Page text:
Getting a drone for Christmas? Be prepared to follow strict guidelines
Drones have come a long way over years and they’re taking off in popularity and price.
“You’re looking at about $700 and move up to about $1,300, depending on the model that you choose,” Robin Hoffman of London Drugs in Kelowna said.
So who’s buying drones? Believe or not, parents and professionals top the list.
“Real estate agents are buying them, wedding photographers, teenagers and dads. Dads are the big market this year,” Hoffman said.
Len Steg knows a thing or two about remote controlled aircraft.
He’s a long time member of the local RC flying club.
Steg believes drones are taking off in popularity because they’re easy to fly, but you just can’t fly it anywhere you like.
“You can fly it indoors in your rec-room, but when you go outside, you’re restricted as to where you can fly it, how you can fly it,” Steg said.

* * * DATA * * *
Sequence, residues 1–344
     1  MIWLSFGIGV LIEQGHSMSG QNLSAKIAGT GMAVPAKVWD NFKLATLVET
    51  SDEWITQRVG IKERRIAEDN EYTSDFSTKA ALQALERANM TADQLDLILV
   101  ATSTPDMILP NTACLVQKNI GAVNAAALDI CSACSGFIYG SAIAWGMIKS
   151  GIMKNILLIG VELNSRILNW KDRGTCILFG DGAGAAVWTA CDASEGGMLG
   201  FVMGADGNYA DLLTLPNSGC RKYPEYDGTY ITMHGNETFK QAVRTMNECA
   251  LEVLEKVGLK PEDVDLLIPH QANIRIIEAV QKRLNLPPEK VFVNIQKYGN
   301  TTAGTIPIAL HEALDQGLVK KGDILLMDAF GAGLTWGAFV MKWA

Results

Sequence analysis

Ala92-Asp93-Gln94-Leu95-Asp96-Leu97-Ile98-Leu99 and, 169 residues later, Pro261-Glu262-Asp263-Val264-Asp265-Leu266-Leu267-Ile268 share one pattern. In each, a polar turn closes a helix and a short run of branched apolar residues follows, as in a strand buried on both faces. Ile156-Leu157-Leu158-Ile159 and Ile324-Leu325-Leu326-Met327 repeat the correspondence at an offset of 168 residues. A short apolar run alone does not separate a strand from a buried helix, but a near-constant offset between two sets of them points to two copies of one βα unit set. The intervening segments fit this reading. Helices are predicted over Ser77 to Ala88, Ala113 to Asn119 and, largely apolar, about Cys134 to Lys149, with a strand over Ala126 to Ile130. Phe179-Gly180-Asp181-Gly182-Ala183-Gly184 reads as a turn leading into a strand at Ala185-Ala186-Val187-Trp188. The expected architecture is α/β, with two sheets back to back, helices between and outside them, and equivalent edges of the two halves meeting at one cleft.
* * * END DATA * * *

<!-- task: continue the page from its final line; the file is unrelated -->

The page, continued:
Transport Canada dictates where, when and how you should fly your drone.
For starters, you can’t fly it higher than 90 metres or 300 feet. If it’s a small drone, you have to keep it 30 metres away from vehicles, vessels and the public.
That stretches to 75 metres if it’s a large drone (more than 1 kg).
Flying within 5.5 km of an airport is strictly forbidden, you can only fly it during the day and you must be able to see it at all times. The maximum fine for breaking the rules is $3,000.
Think twice before heading out to the nearest field to play with your new toy.
“School yards are definitely out, playgrounds are out, local parks, government agencies — things like that — they prohibit radio control models of any sort now,” Legg said.
And if that’s not enough, Steg said you have to carry liability insurance in case the drone gets away from you and smashes into something or someone.
So if a drone is on your wish list, be prepared the follow the rules and one last thing — don’t expect a refund if you crash it on your first try.
“The thing to remember with drones is that when you buy them, they are a final sale,” Hoffman said.